Library displays banned books through Oct. 7

The Harry Potter series. “The Diary of Anne Frank.” “To Kill A Mockingbird.” “I Know Why The Caged Bird Sings.”

These are just a few of the popular titles in a tabletop display of books that have been banned or removed from public access. The Keith Leftwich Memorial Library will leave the first-floor display in place through Oct. 7 to mark Banned Books Week which is celebrated the last week of September.

Librarians say their goal is to increase censorship awareness and promote freedom of expression, which is protected by the First Amendment to the U.S. Constitution. These activities also promote open and unrestricted access to books that are frequent censorship targets.

Students have been surprised to find that some of their favorite books have been challenged due to political or religious ideology, offensive language, racism or sexually explicit content.

On the second floor, fliers posted near the challenged books explain why they were denounced or banned. These fliers also post the book’s location and an interactive QR Code for use with smartphone devices.

“There are lots of titles still challenged to this day,” said Amanda Lemon, OCCC electronic services/reference librarian. “If you restrict what people read, you take away their ability to experience things in life.”

School districts in Alaska and Missouri banned “The American Heritage Dictionary of the English Language” due to the use of slang definitions.

Most banned books of 2010

• “And Tango Makes Three” by Peter Parnell and Justin Richardson
• “The Absolutely True Diary of a Part-Time Indian” by Sherman Alexie
• “Brave New World” by Aldous Huxley
• “Crank” by Ellen Hopkins
• “The Hunger Games” by Suzanne Collins
• “Lush” by Natasha Friend
• “What My Mother Doesn’t Know” by Sonya Sones
• “Nickel and Dimed” by Barbara Ehrenreich
• “Revolutionary Voices” by Amy Sonnie
• “Twilight” by Stephenie Meyer

Courtesy American Library Association

Film production major Jeremy Sieg finds the censorship unacceptable.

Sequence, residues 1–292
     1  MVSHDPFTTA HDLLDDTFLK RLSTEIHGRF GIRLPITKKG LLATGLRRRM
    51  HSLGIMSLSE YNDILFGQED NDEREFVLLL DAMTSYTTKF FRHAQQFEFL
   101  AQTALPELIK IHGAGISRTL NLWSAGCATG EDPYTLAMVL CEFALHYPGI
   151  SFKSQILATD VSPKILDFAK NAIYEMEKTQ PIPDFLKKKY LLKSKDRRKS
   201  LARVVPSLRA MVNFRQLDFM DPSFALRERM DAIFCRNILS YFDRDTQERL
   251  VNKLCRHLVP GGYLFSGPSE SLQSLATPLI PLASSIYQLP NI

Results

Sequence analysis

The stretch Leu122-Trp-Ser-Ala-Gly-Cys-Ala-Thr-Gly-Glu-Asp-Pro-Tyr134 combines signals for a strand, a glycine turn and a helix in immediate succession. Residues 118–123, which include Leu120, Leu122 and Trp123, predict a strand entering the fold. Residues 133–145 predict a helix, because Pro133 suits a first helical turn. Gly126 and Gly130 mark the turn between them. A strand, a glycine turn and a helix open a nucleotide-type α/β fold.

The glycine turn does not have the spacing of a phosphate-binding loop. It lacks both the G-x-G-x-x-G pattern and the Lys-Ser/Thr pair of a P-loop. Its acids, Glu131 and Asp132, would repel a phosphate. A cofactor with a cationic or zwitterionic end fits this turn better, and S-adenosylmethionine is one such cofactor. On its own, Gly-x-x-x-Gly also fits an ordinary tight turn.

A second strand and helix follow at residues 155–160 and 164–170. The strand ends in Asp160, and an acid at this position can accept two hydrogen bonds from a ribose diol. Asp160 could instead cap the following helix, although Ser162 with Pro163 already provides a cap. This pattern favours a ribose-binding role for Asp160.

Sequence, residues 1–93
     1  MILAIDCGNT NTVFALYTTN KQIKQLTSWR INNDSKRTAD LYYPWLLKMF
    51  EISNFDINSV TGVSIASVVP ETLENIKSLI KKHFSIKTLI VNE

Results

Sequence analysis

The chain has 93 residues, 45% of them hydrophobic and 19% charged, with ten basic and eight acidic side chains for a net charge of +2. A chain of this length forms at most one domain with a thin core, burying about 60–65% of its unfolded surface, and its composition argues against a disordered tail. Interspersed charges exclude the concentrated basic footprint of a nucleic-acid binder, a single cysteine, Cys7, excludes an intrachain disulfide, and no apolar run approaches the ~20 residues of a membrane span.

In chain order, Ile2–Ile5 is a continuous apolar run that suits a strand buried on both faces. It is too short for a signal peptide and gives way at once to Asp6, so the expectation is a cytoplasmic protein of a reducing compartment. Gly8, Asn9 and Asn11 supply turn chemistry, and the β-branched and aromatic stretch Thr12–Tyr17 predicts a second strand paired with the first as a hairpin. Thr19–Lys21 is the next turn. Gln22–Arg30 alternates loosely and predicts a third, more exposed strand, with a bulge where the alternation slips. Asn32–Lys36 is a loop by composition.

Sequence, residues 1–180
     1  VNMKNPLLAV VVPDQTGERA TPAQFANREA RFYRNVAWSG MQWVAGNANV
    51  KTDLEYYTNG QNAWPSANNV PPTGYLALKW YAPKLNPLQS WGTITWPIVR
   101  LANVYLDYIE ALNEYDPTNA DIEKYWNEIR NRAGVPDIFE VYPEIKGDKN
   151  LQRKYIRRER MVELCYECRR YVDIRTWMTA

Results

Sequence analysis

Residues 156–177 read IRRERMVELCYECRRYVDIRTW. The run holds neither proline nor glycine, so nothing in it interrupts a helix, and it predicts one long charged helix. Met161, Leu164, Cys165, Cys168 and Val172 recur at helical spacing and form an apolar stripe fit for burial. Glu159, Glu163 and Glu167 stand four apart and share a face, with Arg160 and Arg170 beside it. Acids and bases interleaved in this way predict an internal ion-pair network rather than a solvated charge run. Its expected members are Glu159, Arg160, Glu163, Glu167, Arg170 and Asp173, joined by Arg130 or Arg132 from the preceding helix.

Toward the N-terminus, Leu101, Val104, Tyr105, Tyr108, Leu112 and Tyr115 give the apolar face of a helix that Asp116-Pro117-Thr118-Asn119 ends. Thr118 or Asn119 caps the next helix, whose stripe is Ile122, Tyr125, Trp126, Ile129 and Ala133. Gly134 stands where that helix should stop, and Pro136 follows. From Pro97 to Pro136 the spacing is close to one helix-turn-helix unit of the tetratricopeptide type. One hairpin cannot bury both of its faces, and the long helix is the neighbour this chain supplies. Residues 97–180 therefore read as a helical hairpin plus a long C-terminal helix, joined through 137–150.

“It’s odd they would ban a book like ‘The Golden Compass’ for atheism,” Sieg said. The youth fantasy novel has been rocked with negative criticism toward the author’s spin on religion.

“If you’re offended by it, don’t pick it up,” said Lacee Robertson, a nursing major. “Writing is a form of expression.”

Robertson said she had read several of the banned books.

MaryGrace Berkowitz said her responsibilities as a cataloger and reference librarian reach beyond locating books for students.

“I protect the intellectual rights of people,” Berkowitz said. She believes that freedom of speech and open access to information are mutually important.

She said she was surprised by the controversy surrounding the book “And Tango Makes Three,” by Peter Parnell and Justin Richardson.

Based on a true story, the popular children’s book chronicles the lives of two male penguins jointly responsible for hatching an egg at New York’s Central Park Zoo. The book was challenged for promoting a same-sex agenda.

“It’s a book about penguins taking care of penguins,” Berkowitz said.

Even the beloved child wizard could not escape the wrath of literary censorship.

Nursing major Stacy Duffee was dismayed to see a series of Harry Potter books on the library’s display. The books have been challenged on grounds of promoting witchcraft.

“It’s disappointing people would think that,” Duffee said.

Banned Books Week was established 29 years ago by the American Library Association. A list of challenged books is compiled annually by the organization.

To contact Alisha Davidson, email

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